Crisis of confidence: If there is one lesson to be taken from the Eurozone debt crisis, it is that the only language policy makers appear to be listening to is that of the bond market. Policy makers decide between the political cost of acting versus the political cost of not acting. As such, we are not very optimistic that we will implement true entitlement reform unless and until the bond market forces us to. As indicated, however, should that happen, the risk to the U.S. dollar might be significant.

Obama versus Romney: A key difference promoted between Obama’s and Romney’s view of the world is the level of government spending. But independent of our political preferences, any level of government spending must be financed through revenue and borrowing. And that’s where we have a problem:

Obama’s slowing spending growth: Listening to budget experts in support of Obama’s policies, we hear a lot about how spending growth has slowed since 2008. The problem with that argument is that spending levels at the outset of President Obama’s administration were unsustainably high. Trillion dollar deficits are simply not good enough, even if the rate of growth of such deficits is low. When quizzed on the sustainability of the deficit considering the risk to the bond market, we hear that the U.S. dollar is a reserve currency and, as such, we have plenty of time to get to a more sustainable path. We certainly don't have a crystal ball and we know that it may be all but impossible to time if and when the U.S. bond market will tell the government that enough is enough. Forecasting when the tech or housing bubbles would burst was also extremely difficult, although the warning signs were there for all to see. However, relying on the bond market behaving is, in our view, bad policy. Any policy maker that agrees that there’s a potential risk should set policy to mitigate that risk sooner rather than later. Conversely, any investor that agrees that there’s a risk to the bond market should consider taking it into account in his or her portfolio allocation now.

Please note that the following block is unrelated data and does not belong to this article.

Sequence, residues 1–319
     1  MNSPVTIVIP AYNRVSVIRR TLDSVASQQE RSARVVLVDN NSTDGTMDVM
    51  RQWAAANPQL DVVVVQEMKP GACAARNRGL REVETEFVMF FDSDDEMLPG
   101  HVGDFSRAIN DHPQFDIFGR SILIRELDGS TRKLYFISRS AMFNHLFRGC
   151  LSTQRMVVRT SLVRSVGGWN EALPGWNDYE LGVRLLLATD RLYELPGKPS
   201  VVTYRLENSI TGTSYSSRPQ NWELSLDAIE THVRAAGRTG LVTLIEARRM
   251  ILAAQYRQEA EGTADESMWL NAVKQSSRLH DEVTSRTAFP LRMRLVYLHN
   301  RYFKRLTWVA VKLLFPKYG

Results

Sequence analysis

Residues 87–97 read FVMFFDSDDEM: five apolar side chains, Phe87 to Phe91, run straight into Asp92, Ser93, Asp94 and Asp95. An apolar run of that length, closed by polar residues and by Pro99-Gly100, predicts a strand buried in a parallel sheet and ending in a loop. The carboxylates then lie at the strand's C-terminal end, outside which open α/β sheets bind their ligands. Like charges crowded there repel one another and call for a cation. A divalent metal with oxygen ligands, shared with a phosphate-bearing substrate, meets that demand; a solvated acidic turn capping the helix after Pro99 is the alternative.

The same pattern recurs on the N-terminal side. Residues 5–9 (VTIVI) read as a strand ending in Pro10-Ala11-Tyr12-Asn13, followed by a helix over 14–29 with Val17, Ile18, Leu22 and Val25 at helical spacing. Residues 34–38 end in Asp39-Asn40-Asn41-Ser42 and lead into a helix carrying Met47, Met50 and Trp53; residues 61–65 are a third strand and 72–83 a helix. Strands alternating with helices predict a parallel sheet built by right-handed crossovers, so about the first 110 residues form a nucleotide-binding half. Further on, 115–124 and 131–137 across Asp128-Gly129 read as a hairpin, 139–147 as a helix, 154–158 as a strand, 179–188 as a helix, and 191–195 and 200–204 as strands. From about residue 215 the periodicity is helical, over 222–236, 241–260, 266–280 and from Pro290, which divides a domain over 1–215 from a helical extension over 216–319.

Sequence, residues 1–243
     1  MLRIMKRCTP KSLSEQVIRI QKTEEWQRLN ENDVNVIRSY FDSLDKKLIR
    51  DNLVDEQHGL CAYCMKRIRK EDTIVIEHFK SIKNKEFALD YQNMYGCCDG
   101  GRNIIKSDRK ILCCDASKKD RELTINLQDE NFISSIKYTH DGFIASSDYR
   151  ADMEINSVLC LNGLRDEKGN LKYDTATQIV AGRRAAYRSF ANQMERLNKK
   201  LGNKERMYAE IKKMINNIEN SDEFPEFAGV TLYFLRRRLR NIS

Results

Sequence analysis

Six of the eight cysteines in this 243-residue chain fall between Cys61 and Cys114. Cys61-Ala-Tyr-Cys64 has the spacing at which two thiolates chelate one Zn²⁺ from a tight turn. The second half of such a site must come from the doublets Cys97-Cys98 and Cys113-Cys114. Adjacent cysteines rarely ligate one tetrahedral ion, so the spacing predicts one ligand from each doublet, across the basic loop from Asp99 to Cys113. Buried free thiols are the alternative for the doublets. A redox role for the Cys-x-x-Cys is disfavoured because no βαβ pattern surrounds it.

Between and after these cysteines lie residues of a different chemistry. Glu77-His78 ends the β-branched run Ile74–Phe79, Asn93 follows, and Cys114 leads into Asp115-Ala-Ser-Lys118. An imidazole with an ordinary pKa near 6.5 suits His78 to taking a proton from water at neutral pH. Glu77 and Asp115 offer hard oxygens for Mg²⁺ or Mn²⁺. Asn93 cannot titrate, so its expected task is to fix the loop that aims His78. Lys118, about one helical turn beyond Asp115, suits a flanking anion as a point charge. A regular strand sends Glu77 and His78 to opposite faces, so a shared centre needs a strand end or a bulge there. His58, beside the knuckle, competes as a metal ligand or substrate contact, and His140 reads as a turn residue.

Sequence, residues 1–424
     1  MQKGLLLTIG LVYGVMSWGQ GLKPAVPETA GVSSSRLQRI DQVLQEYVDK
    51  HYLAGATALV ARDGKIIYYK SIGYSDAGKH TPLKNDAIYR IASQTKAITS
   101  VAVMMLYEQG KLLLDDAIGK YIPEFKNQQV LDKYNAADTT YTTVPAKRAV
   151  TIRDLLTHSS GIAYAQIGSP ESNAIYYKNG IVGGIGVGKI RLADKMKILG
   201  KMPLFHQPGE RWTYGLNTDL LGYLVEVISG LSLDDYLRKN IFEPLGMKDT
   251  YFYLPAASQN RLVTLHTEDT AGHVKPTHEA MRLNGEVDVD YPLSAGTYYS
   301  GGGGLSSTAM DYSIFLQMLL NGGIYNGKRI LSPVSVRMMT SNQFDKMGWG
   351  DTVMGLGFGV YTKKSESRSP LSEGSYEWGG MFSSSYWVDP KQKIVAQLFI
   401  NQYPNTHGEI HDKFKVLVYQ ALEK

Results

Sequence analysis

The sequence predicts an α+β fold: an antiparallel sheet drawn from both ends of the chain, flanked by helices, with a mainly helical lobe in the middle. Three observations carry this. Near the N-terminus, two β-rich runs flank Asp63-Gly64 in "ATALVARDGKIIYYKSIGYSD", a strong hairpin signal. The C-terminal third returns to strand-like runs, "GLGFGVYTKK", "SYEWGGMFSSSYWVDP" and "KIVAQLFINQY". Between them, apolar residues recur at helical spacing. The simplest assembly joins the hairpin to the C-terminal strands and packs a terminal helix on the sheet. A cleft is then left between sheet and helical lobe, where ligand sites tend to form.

Romney’s sustainable budget: Supporters of a Romney presidency are quick to point out how a Romney/Ryan budget leads to a sustainable budget over time. Indeed, the most positive aspect of the proposal is that it puts a budget on healthcare. Many are not aware that the current healthcare system in the U.S. does not have a budget – it simply lists entitlements: not surprisingly, costs are exploding. One can argue about how one goes about introducing a budget, but the fact that Romney wants to introduce a healthcare budget is extremely important for long-term fiscal sustainability. Because kid you not: Medicare as we know it won’t be around in twenty years – it’s mathematically impossible – there aren’t enough rich folks out there to tax to make it work. But the Romney/Ryan budget plan has a key flaw: we believe it’s most unlikely to be implemented (before those opposing a Romney/Ryan budget breathe a sigh of relief, please re-read the section on Obama’s spending growth). Our pessimism is based not on current polls favoring an Obama/Biden administration, but on the likely stalemate in Congress. Good luck getting a budget through Congress without it being watered down rather severely. But even if Romney/Ryan principles were to prevail, Romney has already made so many concessions, from continued subsidization of student loans to preserving defense spending that a Romney/Ryan budget is at risk of looking very much like the sort of budget we see anywhere in the world: one that replaces the faces, cuts “wasteful” spending and replaces it with “worthy” spending; clearly, what is “wasteful” and “worthy” is in the eye of the beholder; but don’t worry, as in four years, citizens have the opportunity to vote for change yet again. Unfortunately, we might replace the faces, but the deficits may remain.